ATLAS Experiment CERN


Setting Off To New Energy Horizons

June 4, 2015

Display of a proton-proton collision event recorded by ATLAS on 3 June 2015, with the first LHC stable beams at a collision energy of 13 TeV. Tracks reconstructed by the tracking detector are shown as light blue lines, and hits in the layers of the silicon tracking detector are shown as colored filled circles. The four inner layers are part of the silicon pixel detector and the four outer layers are part of the silicon strip detector. The layer closest to the beam, called IBL, is new for Run 2. In the view in the bottom right it is seen that this event has multiple pp collisions. The total number of reconstructed collision vertices is 17 but they are not all resolvable on the scale of this picture..

The high resolution version is available in CDS.

After a shutdown of more than two years, Run 2 of the Large Hadron Collider (LHC) is restarting at a centre-of-mass energy of 13 TeV for proton–proton collisions and increased luminosity. This new phase will allow the LHC experiments to explore nature and probe the physical laws governing it at scales never reached before.

In this first long shutdown, during which the LHC was consolidated, the ATLAS experiment saw a flurry of activity ranging from upgrades and repairs of the detector, its electronics and the trigger system, to a reappraisal of the computing and software used for the data reconstruction and analysis. ATLAS physicists have also used the time without beam to finalise and improve their analyses of the Run-1 data. In spite of the small relative amount of data collected, only 1% of the total dataset expected for the entire LHC programme, the data recorded by ATLAS with collision energies up to 8 TeV have provided a wealth of physics results and led to more than four hundred scientific publications.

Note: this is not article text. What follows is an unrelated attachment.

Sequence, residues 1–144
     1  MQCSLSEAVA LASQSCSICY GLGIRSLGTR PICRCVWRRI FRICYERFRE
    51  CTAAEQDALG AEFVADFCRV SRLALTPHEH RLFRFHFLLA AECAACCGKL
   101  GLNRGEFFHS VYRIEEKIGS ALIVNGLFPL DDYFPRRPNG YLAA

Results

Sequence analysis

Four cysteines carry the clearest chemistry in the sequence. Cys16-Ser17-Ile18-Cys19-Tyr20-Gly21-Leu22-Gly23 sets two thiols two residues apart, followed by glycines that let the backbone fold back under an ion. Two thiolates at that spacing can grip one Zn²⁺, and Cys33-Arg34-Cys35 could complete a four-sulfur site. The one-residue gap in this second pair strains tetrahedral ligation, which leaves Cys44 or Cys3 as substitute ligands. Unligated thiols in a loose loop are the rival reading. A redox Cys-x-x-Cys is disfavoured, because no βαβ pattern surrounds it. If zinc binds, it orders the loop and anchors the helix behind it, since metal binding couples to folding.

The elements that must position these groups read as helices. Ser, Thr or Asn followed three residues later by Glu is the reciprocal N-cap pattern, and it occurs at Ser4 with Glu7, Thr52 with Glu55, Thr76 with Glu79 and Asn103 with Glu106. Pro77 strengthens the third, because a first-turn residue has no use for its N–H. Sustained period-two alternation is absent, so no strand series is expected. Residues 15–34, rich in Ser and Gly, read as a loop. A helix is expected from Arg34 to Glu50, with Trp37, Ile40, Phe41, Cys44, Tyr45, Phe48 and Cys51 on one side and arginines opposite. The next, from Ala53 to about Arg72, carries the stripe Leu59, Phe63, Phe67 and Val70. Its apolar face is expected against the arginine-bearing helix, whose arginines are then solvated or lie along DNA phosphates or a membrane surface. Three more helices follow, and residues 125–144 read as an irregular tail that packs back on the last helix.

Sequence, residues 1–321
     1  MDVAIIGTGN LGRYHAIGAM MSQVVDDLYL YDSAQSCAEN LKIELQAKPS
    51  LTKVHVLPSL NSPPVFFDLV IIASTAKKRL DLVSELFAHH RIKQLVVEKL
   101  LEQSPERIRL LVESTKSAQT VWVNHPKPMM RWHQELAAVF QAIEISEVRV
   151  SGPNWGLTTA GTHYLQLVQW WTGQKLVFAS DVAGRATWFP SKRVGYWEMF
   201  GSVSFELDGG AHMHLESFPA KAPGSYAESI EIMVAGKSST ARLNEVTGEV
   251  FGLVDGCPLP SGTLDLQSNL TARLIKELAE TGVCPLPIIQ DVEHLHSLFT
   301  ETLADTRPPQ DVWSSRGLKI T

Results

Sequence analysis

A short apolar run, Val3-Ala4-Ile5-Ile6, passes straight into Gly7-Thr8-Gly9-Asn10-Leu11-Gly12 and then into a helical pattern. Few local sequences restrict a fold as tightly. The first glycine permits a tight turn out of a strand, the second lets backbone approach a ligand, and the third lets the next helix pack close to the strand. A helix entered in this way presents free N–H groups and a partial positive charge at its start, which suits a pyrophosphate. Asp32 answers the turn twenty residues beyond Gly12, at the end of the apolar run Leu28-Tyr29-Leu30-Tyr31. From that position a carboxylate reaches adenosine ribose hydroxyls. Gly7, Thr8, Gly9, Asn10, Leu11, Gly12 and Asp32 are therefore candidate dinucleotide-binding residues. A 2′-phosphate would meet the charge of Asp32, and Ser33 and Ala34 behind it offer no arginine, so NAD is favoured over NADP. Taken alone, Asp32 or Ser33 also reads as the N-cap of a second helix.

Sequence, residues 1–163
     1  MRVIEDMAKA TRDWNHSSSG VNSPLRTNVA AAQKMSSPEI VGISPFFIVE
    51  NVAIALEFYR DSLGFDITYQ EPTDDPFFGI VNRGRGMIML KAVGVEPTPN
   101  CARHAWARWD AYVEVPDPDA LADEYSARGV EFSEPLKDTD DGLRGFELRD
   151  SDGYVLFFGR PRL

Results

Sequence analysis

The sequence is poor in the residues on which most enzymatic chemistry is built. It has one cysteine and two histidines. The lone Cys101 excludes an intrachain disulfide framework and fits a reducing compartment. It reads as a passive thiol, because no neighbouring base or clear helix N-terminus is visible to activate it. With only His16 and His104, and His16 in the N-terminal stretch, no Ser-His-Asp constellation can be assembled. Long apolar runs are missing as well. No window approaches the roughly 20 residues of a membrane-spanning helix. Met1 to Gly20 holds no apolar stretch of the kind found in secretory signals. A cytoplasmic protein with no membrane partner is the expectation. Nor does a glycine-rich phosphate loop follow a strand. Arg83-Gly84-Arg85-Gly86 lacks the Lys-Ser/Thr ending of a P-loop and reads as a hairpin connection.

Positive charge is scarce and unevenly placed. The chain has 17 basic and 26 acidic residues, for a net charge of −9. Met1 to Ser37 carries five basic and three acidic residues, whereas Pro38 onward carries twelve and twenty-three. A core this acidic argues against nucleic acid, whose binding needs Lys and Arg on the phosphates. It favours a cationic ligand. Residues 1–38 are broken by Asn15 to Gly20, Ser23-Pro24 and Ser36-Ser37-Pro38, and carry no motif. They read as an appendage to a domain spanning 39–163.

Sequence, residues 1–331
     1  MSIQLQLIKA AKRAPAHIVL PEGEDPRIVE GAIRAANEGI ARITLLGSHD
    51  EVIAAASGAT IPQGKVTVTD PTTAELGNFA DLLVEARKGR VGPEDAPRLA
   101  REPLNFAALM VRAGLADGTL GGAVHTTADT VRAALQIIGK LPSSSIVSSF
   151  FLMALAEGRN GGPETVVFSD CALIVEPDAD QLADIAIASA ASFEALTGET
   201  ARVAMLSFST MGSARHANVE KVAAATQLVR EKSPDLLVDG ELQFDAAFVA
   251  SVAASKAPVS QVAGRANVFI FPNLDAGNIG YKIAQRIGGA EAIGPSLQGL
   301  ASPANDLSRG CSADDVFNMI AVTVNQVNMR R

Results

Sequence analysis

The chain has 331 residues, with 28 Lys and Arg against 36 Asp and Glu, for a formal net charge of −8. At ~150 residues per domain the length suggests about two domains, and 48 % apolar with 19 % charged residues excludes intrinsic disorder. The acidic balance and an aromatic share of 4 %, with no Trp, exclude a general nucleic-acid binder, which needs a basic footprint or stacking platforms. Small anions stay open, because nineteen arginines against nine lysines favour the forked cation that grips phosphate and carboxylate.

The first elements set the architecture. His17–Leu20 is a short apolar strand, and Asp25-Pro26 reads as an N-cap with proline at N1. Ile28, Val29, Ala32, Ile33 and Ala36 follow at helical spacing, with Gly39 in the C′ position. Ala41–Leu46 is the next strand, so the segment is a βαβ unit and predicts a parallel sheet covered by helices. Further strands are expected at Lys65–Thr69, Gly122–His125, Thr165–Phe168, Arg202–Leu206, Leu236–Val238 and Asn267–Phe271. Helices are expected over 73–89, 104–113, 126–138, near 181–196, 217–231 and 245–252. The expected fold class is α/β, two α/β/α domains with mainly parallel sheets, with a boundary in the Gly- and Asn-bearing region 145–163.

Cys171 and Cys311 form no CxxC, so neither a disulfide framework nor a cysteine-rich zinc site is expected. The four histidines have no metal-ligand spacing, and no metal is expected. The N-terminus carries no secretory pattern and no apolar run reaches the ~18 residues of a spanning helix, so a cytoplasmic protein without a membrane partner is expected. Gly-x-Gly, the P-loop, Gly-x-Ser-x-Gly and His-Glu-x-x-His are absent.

The expectations were high for this unique experimental endeavour represented by the LHC and its ultra-sophisticated particle detectors of which ATLAS is the largest one. The tera (1012) electron-Volt energy scale to which the LHC collisions of high-energetic protons are sensitive was sought to reveal new particles or phenomenon related to the mechanism that gives mass to elementary particles. The most anticipated and acclaimed scenario, and key prediction of the Standard Model, was the Brout-Englert-Higgs mechanism that predicted a spin-zero Higgs boson with a mass in reach of the LHC. Such a boson was discovered in 2012 by the ATLAS and CMS experiments successfully culminating decades of experimental and theoretical effort. This discovery, and a plethora of other important results pushing the frontier of our knowledge, made the LHC Run-1 an astounding success.